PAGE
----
Using credit card float to deter payments and interest for almost 60 days

Credit card float is likely the biggest benefit of using a credit card to make purchases. With strategic planning, you can make a purchase and avoid making a payment and paying interest for almost 60 days.



A few caveats

To simplify things, in this article, we assume that the customer has no pending or posted transactions and that the only purchases made with the credit card are the purchases described in the hypothetical scenarios. 



We also assume that the credit card has a grace period. The goal of this article is to demonstrate how you can make a purchase and avoid any fees (including interest) for almost two months. Credit cards without grace periods start accruing interest immediately after the purchase posts to the account. 



How credit card float works

When you use a credit card to make a purchase, your credit card company will not request payment for the charge for at least 21 days. Credit card companies are  required to provide customers with at least 21 days to pay any bill that’s delivered to them. So, regardless of when you make the purchase in your billing cycle, you can count on not having to actually pay that portion of your credit card bill for at least 21 days.



Let’s consider the following scenario in which your billing cycle is normally 30 days and your credit card bill is due 21 days after the statement is generated.

  • March 28th: A purchase is made
  • March 30th: Purchase posts to account
  • March 31st: Billing cycle ends
  • April 21st: Payment will be due and will include the purchase from March 28th



In this particular example, the credit card float is 24 days. The purchase was made on March 28th and you don’t need to make the payment until April 21st, which is 24 days later.



Extend your credit card float

With minimal planning, the credit card float can be increased to at least 50 days in most cases.



Although rare, purchases can post to your account the same day. Normally, you can expect your purchases to not post to your account for one to three days. So, why does this matter if the payment will not be due for at least 21 days? Because you can time the purchase so that it appears on the next month’s statement.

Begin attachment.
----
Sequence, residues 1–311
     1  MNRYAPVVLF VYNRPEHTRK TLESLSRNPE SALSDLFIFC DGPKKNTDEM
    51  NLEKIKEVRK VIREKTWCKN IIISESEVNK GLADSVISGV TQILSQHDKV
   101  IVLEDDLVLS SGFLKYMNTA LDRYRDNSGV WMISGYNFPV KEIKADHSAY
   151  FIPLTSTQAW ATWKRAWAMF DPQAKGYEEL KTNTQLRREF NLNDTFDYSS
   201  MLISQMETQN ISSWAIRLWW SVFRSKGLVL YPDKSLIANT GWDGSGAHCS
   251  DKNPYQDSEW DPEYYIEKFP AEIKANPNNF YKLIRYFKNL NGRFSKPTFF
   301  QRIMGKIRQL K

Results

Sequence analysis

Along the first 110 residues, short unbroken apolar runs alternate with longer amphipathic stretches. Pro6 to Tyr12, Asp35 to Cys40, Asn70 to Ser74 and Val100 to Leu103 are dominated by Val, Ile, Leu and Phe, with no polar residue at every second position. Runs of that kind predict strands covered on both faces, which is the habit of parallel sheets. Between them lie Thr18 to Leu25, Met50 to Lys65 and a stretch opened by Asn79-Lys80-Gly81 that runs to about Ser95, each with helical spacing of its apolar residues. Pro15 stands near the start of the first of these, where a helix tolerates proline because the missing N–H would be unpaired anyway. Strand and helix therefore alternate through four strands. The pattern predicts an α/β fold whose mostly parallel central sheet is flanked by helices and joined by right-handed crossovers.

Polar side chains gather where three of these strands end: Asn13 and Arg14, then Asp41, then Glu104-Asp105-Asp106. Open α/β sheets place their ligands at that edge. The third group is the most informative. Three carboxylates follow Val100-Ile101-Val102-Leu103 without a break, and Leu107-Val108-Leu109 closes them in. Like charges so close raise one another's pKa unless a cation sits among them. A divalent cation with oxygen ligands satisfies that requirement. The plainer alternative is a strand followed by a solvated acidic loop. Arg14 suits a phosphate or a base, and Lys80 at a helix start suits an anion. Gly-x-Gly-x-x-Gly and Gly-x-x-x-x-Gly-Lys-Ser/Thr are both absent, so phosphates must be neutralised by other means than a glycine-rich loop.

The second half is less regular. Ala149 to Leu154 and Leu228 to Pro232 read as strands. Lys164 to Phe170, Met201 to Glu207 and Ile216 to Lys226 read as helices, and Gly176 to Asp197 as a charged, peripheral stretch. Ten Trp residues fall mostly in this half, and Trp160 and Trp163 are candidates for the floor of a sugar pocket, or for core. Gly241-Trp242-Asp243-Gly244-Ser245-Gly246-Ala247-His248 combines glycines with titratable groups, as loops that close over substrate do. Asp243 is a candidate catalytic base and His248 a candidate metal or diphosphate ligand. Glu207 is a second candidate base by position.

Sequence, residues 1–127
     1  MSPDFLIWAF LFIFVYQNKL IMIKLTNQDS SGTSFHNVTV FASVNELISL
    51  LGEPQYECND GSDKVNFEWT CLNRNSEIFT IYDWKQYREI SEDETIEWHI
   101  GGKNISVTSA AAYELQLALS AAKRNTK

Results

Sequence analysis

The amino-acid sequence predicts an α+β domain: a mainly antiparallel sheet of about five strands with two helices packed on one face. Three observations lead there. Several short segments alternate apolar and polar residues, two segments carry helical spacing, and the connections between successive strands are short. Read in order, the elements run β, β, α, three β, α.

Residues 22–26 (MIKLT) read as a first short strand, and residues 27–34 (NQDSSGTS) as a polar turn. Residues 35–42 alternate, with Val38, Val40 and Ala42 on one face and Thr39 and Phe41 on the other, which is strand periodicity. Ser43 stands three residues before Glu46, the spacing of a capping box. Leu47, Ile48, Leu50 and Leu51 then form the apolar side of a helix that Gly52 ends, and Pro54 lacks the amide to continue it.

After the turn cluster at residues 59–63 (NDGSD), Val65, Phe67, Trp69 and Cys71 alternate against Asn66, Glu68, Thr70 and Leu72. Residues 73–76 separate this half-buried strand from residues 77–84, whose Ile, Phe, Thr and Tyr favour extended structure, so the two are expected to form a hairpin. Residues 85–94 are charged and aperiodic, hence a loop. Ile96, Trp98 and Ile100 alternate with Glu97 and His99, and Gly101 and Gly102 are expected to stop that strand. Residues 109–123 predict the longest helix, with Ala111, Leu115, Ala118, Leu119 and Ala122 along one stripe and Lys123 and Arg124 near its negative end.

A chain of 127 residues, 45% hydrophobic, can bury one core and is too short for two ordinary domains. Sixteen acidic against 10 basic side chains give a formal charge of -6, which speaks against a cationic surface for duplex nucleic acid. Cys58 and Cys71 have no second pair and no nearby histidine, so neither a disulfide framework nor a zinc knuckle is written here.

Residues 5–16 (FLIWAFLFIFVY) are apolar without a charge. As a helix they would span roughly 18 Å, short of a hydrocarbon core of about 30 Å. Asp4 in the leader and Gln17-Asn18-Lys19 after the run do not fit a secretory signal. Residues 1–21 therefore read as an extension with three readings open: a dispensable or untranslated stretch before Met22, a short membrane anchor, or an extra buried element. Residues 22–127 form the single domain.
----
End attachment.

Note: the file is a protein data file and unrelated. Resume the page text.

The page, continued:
In the previous example, a purchase was made just days before the end of the billing cycle. But, what if the purchase had been made even  closer to the end of the billing cycle? 

  • March 30th: A $1,000 purchase is made
  • March 31st: Billing cycle ends
  • April 1st: New billing cycle begins
  • April 1st: Purchase posts to account
  • May 22nd: Payment will be due and will include the $1,000 purchase from March 30th



By waiting a few days to make the purchase, you’ve allotted yourself an extra 31 days to make a payment, which brings the total credit card float time to 53 days.



Best uses for credit card float

Credit card float is most useful when used for large purchases or for recurring charges, especially recurring charges like rent and mortgage. 



If you use your credit card to make large recurring charges, you can probably increase the credit card float even more by changing your credit card due date. Changing the credit card due date will affect your billing cycle end dates. So, when changing your payment due date, you’ll need to remain mindful that it’s really the billing cycle end date that you’re aiming to manipulate. You should modify the payment date so that your typical billing cycle will end just before you make your large or recurring payment. 



The  minimum 21-day credit card float alone that credit card customers receive can be a gamechanger for those who had not previously seen the benefit of using credit cards for this purpose. It can also be a lifesaver for those who have a tight budget.



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